For the past 16 years, Sir Jeremiah Harman, 67, a senior High Court judge, has been acquiring a reputation as a hectoring bully with little interest in the outside world. News yesterday that he was resigning after a damning report into his handling of a damages case, in which the claimants were kept waiting for 20 months for a decision, was greeted with relief by many lawyers. Three Court of Appeal judges were critical of conduct which "weakens public confidence in the whole judicial process".
His unpopularity was reflected in being voted as one of the worst judges on the High Court bench in all three surveys of 100 solicitors and barristers by Legal Business magazine. One interviewee said: "He has reached unparalleled depths of awfulness. It is nothing short of an uncomfortable adventure to appear before him, and in terms of delivering justice he is nowhere. He is impolite. He is the judge I least want to appear in front of."
He gained public attention for a number of high-profile gaffes. When the former guards officer was asked if he had heard of the rock group Oasis during a 1996 court hearing, he replied: "I certainly have not heard of the band, I don't listen to bands."At a hearing during the height of World Cup fever in 1990 when asked to grant an injunction halting an unauthorised biography of Paul Gascoigne, he said: "Is he a rugby or association footballer? Isn't there an operetta called La Gazza Ladra?"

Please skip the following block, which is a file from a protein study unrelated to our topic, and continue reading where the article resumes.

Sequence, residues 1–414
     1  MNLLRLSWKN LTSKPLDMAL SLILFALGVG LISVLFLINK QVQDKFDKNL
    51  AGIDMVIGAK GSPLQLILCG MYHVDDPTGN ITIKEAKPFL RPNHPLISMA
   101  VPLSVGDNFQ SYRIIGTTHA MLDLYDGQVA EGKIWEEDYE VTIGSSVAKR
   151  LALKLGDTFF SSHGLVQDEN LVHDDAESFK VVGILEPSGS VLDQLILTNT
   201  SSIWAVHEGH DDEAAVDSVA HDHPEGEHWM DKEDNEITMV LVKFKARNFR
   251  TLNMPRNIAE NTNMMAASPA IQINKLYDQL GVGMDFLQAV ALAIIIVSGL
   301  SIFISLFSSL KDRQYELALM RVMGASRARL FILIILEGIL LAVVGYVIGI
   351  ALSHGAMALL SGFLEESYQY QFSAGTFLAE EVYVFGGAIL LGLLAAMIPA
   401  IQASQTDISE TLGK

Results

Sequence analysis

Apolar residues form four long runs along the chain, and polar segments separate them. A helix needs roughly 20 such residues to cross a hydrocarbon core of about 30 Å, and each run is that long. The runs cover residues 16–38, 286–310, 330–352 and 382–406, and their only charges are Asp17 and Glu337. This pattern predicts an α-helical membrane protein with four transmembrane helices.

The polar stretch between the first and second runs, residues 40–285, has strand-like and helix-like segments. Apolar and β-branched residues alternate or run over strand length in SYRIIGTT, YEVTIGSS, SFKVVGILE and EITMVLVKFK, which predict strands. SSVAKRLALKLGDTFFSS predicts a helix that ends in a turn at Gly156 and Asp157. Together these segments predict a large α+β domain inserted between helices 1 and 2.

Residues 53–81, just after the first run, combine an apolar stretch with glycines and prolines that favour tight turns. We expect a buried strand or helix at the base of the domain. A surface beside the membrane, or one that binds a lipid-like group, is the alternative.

In 1992, he earned the nickname "the Kicking Judge" after he booted a taxi driver outside his London home under the mistaken impression he was a press photographer.
But it is his treatment of other lawyers that has gained him the greatest notoriety. One said he was "dreadfully rude to people who are junior and inexperienced; discourteous and bullying".
His latest targets have been the new solicitor advocates who have rights of audience in certain cases. The first one to appear before the judge was asked to provide a copy of his practising certificate after the judge inquired loftily: "Who are you?"
He was called to the Bar in 1954 and graduated to the bench along the time-honoured route of Eton, the Coldstream Guards and Lincoln's Inn.
His resignation brought a mixed response from members of the Bar at the High Court yesterday. One woman barrister said: "Good riddance to bad rubbish." But a male colleague countered: "I deplore this tendency towards uniformity. There must be room for mavericks, even on the bench. If they stick to being rude and irascible but efficient at the same time, it's all right."
what fellow lawyers said about him
Anonymous lawyers to Legal Business magazine: "Good riddance to bad rubbish."
And "He has reached unparalleled depths of awfulness."
Judgment in the Court of Appeal: His conduct "weakens public confidence in the whole judicial process".
Male barrister speaking in his support: "I deplore this tendency towards uniformity - there must be room for mavericks."